The situation during the Iraq War and the continuing occupation of Iraq after the United Nations Security Council sanctioned hand-over of power to the Iraqi government shows the difficulty of defining a mercenary soldier. While the United States governed Iraq, no U.S. citizen working as an armed guard could be classified as a mercenary, because he was a national of a Party to the conflict (APGC77 Art 47.d). With the hand-over of power to the Iraqi government, if one does not consider the coalition forces to be continuing parties to the conflict in Iraq, but that their soldiers are sent by a State which is not a Party to the conflict on official duty as a member of its armed forces (APGC77 Art 47.f), then, unless U.S. citizens working as armed guards are lawfully certified residents of Iraq, i.e., a resident of territory controlled by a Party to the conflict (APGC77 Art 47.d), and they are involved in a fire-fight in the continuing conflict, they are mercenary soldiers. However, those who acknowledge the United States and other coalition forces as continuing parties to the conflict might insist that U.S. armed guards cannot be called mercenaries (APGC77 Art 47.d). See also privateer, Letter of marque, private military contractor.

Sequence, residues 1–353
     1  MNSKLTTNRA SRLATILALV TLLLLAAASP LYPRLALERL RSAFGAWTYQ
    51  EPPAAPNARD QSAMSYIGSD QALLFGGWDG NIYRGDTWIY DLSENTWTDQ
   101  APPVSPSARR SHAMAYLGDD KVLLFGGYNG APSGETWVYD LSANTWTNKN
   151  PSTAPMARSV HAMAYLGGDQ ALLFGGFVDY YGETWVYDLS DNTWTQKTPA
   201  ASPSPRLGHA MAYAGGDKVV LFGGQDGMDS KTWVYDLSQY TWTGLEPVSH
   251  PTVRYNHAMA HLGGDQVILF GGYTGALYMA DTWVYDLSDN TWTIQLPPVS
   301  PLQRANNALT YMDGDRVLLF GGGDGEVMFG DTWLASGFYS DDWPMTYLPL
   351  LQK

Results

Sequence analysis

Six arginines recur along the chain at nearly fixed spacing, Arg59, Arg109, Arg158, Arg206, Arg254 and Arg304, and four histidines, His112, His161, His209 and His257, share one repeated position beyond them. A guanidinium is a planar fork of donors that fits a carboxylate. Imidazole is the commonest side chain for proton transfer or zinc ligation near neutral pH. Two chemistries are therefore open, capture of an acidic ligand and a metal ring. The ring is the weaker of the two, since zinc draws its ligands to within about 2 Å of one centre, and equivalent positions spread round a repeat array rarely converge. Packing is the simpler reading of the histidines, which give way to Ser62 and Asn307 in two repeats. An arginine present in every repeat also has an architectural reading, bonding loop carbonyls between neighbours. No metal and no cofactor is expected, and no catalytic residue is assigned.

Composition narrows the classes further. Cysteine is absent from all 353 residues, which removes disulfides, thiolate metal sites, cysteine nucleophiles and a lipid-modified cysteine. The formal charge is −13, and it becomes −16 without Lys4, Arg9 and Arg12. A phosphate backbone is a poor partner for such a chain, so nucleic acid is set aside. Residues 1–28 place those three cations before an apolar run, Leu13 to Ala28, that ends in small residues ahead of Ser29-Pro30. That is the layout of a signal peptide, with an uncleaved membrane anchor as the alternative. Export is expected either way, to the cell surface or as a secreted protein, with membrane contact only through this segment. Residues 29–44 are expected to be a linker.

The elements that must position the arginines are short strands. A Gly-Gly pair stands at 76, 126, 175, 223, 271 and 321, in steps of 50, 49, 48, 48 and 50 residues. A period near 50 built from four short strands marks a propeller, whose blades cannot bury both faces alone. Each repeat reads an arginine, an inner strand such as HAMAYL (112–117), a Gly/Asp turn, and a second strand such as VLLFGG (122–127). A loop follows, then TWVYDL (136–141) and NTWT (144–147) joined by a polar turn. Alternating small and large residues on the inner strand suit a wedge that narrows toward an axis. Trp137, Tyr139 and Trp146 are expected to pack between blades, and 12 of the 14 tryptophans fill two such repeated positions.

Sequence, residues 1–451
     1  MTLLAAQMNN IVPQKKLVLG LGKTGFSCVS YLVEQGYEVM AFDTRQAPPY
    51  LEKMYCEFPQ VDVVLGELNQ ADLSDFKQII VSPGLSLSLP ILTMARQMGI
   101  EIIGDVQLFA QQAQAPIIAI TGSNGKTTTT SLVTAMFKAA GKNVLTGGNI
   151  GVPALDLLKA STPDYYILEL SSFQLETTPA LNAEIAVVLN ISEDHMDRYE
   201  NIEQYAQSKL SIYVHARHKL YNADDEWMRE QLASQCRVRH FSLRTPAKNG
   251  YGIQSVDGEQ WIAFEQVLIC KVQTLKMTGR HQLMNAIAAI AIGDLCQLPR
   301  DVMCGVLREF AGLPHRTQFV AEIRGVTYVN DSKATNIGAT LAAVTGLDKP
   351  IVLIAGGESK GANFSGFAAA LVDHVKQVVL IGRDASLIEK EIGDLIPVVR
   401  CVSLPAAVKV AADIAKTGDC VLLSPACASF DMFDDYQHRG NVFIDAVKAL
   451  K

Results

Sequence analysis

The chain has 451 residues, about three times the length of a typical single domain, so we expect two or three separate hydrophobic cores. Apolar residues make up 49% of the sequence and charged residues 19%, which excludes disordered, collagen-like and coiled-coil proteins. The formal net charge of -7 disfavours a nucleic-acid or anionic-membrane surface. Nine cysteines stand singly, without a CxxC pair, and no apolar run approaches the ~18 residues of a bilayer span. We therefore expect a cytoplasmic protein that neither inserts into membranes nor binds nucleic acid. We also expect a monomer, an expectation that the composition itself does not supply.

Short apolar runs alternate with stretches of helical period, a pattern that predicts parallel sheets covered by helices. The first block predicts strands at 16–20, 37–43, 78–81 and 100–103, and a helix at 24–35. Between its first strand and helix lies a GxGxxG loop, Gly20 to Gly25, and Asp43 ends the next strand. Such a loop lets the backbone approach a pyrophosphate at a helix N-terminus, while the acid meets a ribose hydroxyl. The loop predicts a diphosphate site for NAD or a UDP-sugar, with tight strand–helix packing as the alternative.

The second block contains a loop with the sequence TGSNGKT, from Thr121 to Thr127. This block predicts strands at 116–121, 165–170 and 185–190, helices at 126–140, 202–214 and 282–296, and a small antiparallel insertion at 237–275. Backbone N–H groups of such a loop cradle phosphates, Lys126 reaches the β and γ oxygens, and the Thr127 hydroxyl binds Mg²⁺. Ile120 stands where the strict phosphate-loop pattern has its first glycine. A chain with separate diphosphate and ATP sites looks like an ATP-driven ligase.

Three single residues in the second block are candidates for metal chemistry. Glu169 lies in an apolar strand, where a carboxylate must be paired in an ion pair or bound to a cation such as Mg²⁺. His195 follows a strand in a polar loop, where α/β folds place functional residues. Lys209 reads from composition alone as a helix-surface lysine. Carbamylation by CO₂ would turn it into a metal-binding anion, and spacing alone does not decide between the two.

A US Department of Defense interim rule (effective 16 June 2006) revises DoD Instruction 3020.41 to authorize contractors, other than private security contractors, to use deadly force against enemy armed forces only in self-defense. 71 Fed. Reg. 34826. Per that interim rule, private security contractors are authorized to use deadly force when protecting their client's assets and persons, consistent with their contract's mission statement. [One interpretation is that this authorizes contractors to engage in combat on behalf of the US Government.] It is the combatant commander's responsibility to ensure that private security contract mission statements do not authorize performance of inherently Governmental military functions, i.e. preemptive attacks or assaults or raids, et cetera.